India's wild wildlife experience

India's 96 national parks are home to hundreds of exotic and endangered species, including the elusive tiger.

India wildlife 311 (photo credit: courtesy)
India wildlife 311
(photo credit: courtesy)
To protect its wildlife heritage, India has established 96 national parks which attract visitors from all over the world. This represents one of the largest bases of biodiversity with a range and variety that is unparalleled.
These national parks contain more than 500 species of mammals and over 2,000 species of birds, several of which are unique to the Indian subcontinent. Of interest is that much of the flora and fauna of India has entered into the pantheon of the Hindu gods.

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Today, national parks encompass more than one percent of India’s total surface area.
Prior to independence in 1947, India did not protect its wildlife.
By 1970, there were only five national parks, and many species became endangered.
Tigers, the symbolic mascot in India were killed so frequently that by 1970, only 1300 remained. In 1972, the Indian government passed the Wildlife Protection Act, which preserves natural parks and sanctuaries and provides for the protection of wildlife, particularly endangered species.
A year later, the late Indian prime minister Indira Gandhi launched “Project Tiger,” in which the killing of tigers was banned and 10 reserves were established aimed at protecting tigers and their ecosystems.
This conservation legislation has heralded the recovery of the tiger. Today a total of 27 reserves take part in this project. A recent encouraging report from the Indian Ministry of Environment and Forests estimated that the number of tigers in the wild is 1706 compared with 1411 in 2006.
Recently, we visited Kanha and Pench National Parks, both of which are situated in Madhaya Pradesh, one of the largest states in central India. This area was famed as a hunter’s paradise and was immortalized by Rudyard Kipling whose epic Jungle Book was set in this vicinity.
Both of these parks rank as two of India’s finest wild life sanctuaries. Kanha was declared a national park in 1955, is one of India’s largest and covers an area of almost 20,000 sq. km, although only 300 sq. km are open to tourism. The Banjaar River forms Kanha’s south-west border and provides a steady water source for the abundant wildlife.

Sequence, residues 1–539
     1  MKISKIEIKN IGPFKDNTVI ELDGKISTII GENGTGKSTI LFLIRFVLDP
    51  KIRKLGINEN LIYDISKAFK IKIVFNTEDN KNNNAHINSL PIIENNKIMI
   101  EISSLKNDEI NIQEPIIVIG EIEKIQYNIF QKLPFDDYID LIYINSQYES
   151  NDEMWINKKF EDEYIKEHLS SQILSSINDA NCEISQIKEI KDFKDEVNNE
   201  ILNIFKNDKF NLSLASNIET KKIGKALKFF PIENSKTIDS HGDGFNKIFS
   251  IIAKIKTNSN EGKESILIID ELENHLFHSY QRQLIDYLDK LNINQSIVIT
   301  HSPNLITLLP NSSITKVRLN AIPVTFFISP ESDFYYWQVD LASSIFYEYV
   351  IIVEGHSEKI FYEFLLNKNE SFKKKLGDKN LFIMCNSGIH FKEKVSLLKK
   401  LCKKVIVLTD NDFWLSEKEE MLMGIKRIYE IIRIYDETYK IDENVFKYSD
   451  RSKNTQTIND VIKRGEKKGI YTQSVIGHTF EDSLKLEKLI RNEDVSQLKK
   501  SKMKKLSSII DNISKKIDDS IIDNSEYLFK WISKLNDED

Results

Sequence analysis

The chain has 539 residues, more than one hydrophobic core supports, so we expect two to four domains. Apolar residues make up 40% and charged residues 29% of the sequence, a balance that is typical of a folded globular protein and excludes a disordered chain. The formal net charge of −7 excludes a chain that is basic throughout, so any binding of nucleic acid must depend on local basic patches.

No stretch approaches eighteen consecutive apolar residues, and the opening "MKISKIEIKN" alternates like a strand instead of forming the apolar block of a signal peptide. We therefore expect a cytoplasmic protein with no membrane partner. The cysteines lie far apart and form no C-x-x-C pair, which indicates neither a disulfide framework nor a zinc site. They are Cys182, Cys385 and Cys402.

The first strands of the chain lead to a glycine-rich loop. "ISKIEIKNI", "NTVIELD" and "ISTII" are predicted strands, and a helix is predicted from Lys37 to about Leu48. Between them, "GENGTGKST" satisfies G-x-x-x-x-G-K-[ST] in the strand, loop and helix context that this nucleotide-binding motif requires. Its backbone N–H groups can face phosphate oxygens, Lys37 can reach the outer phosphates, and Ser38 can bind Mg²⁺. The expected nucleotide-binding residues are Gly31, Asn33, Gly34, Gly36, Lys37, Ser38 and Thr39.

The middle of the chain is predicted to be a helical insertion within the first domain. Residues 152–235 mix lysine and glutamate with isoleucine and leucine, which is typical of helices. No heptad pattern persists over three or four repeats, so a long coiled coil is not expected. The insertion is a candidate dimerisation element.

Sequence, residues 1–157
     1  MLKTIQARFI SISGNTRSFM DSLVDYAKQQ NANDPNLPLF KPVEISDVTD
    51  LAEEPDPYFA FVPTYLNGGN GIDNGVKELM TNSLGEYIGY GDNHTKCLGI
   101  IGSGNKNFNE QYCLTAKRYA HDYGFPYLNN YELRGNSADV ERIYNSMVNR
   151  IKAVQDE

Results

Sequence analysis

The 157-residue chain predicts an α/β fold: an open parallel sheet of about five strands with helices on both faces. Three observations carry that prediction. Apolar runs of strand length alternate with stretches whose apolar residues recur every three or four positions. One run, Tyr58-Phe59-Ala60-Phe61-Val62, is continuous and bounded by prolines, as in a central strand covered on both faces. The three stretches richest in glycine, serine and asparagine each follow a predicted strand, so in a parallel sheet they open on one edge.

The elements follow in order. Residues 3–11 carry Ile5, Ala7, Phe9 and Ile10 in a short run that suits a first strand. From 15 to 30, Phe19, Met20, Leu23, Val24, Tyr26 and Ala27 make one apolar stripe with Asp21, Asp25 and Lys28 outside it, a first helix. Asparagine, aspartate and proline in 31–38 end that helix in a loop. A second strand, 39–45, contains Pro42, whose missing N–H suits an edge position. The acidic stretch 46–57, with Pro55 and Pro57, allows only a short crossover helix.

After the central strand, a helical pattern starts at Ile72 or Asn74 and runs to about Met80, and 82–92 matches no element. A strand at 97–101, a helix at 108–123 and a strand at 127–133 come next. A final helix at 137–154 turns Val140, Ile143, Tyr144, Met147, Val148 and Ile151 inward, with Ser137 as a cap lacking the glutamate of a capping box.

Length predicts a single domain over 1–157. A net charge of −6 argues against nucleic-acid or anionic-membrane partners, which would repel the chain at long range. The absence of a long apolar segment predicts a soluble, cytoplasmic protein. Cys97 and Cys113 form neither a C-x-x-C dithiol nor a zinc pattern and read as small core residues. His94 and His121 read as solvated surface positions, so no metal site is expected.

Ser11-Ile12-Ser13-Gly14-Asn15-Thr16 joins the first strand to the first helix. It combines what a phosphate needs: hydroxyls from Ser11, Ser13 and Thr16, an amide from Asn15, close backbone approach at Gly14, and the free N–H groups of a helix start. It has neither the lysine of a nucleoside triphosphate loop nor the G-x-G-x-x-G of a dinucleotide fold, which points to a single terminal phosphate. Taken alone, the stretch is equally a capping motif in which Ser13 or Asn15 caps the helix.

Pench National Park is located about 200 km from Kanha. It is considerably smaller (1,400 sq. km) and tourism is restricted to 150 sq. km) It was declared a national park in 1983 and takes its name from the meandering Pench River which intersects the park.
Both parks are Project Tiger reserves and support a rich variety of wildlife. Guides from the Indian Forest Service accompany visitors on mapped out circuits. There are two viewing sessions, one in the early morning and a second in the late afternoon.
The parks are closed during the hottest part of the day. There are strict entry criteria and only 150 vehicles are admitted to Kanha Park each day. Similar restrictions apply to Pench.
The vegetation in the thick jungle of these parks is very rich. The commonest tree is the sal. The name is derived from the Sanskrit language. The sal is worshiped by both Buddhists and Hindus. Legend has it that the Buddha was born and died under this tree. The sal may reach a height of over 24 meters, has a straight trunk that usually branches at about two thirds of its height.
These trees are spaced at short intervals making the forest very dense.
Unlike other trees, the sal never loses its leaves completely even during the dry seasons.
Another notable tree is the ghost tree which has a distinctive gnarled shape with a white to greenish grey trunk giving it its ghostly appearance.
The hard wood from the tree is used to make window frames, toys and musical instruments, while the white gum resin produced by the trees is harvested for use as adhesives and in cosmetics.
Lush sal and bamboo forests are interspersed with vast grassy meadows which support more than 22 species of mammals.
This includes a large population of monkeys, various deer and antelope, gaur, as well as predators such as tiger, leopard, jackal, fox and wild dogs and cats. There are also some 300 species of birds.
GAME VIEWING in India is not as prolific as in Africa. This is related to several factors.
In the first place, animal density in India is significantly lower than in Africa.